The Color Purple film review

Developing a sense of self, particularly when having endured a traumatising life journey brings with it a sense of pride. The trials and tribulations endured seeming never ending when experienced, the bonds we form and the choices we make amongst this claustrophobic backdrop the much needed difference between a life of pain or a life of hope. Originally published in 1982, and winning the Pulitzer Prize in 1983, Alice Walker’s The Color Purple has gone onto become a real source of hope snd inspiration to women within hostile situations. 40 years on, the original film adaptation is reimagined for a 2023 audience, writers Alice Walker, Marsha Norman and Marcus Gardley penning the modern classic, which director Blitz Bazawule validates with an authentic visual eye.

Each other’s emotional rock in the face of hardship, Phylicia Pearl Mpasi’s young Celia and Halle Bailey’s young Nettie show a resilience to be admired. Mpari’s meek Celia empowered by Bailey’s playful Nettie. Viciously torn apart by the gruesome reality of marriage at a young age, the girls encounter scenarios thereafter that shape perception. Nettie – confined to a life of being a nanny to a wealthy family abroad, Celia (now Fantasia Barrino) confined to a marriage with narcissistic husband Albert ‘Mister’ Johnson (Colman Domingo) who weakens at the knees at the sight of fellow wounded soul, performer Shug Avery (Taraji P. Henson) a coquettish, confident, unapologetic presence who he happily entertains at the expense of Celie’s spirit.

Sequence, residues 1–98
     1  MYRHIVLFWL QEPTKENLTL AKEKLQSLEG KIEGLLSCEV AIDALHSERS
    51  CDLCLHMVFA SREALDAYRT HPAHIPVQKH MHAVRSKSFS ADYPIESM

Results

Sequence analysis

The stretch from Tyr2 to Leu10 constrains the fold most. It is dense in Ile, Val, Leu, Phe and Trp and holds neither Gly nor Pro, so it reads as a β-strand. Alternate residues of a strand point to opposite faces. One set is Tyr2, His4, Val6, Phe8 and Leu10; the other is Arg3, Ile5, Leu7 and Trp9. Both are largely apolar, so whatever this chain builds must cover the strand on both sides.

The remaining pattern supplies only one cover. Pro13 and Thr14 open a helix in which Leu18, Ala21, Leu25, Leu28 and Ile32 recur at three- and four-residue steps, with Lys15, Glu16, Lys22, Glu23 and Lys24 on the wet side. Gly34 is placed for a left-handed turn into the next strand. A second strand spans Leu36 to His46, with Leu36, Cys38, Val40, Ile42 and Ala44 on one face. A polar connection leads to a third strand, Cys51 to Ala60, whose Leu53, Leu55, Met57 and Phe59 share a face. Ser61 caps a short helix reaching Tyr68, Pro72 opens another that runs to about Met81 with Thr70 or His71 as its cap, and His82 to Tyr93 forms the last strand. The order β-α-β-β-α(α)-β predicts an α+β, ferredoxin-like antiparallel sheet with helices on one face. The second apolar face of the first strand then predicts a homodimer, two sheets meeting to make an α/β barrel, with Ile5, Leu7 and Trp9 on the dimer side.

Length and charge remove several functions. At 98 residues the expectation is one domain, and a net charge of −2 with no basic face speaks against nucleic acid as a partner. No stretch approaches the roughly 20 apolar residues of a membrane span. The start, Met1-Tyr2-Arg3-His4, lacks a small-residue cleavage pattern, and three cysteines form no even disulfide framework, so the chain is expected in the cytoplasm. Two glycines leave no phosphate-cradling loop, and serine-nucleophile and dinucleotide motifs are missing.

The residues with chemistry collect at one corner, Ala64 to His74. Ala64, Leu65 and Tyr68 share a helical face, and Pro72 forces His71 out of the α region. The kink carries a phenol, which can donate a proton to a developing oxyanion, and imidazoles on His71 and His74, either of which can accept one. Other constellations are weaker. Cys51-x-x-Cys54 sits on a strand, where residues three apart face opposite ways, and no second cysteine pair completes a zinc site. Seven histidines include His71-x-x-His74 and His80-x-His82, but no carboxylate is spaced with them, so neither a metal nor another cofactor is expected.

The Color Purple sensitively addresses the book’s difficult themes well, these young black women given the space to have their stories platformed, and this is empowering and important to see. Alice Walker, Marsha Norman and Marcus Gardley craft a fresh, endearing, human piece of art – adding a dimension to the original screenplay and considering the story is set in early 20th century America, successfully places itself in the ‘now’. Director Blitz Bazawule balances both the heavy and the lighthearted well, this easily becoming a depressing story if not handled well, however Bazawule skilfully prizing out the ups and downs of each woman’s life journey, giving the musical film much needed heart. Musical numbers are interweaved beautifully to validate circumstances and therefore feel necessary, they give this film a soulfulness that become a force all of their own.

A tale of sisterhood that I hope offers salvation to anyone perhaps going through difficult times presently – a beacon of hope,

Written by Lucy Basaba.

The Color Purple will screen nationwide from Friday 26th January 2024 – check local listings to book!

Written by Theatrefullstop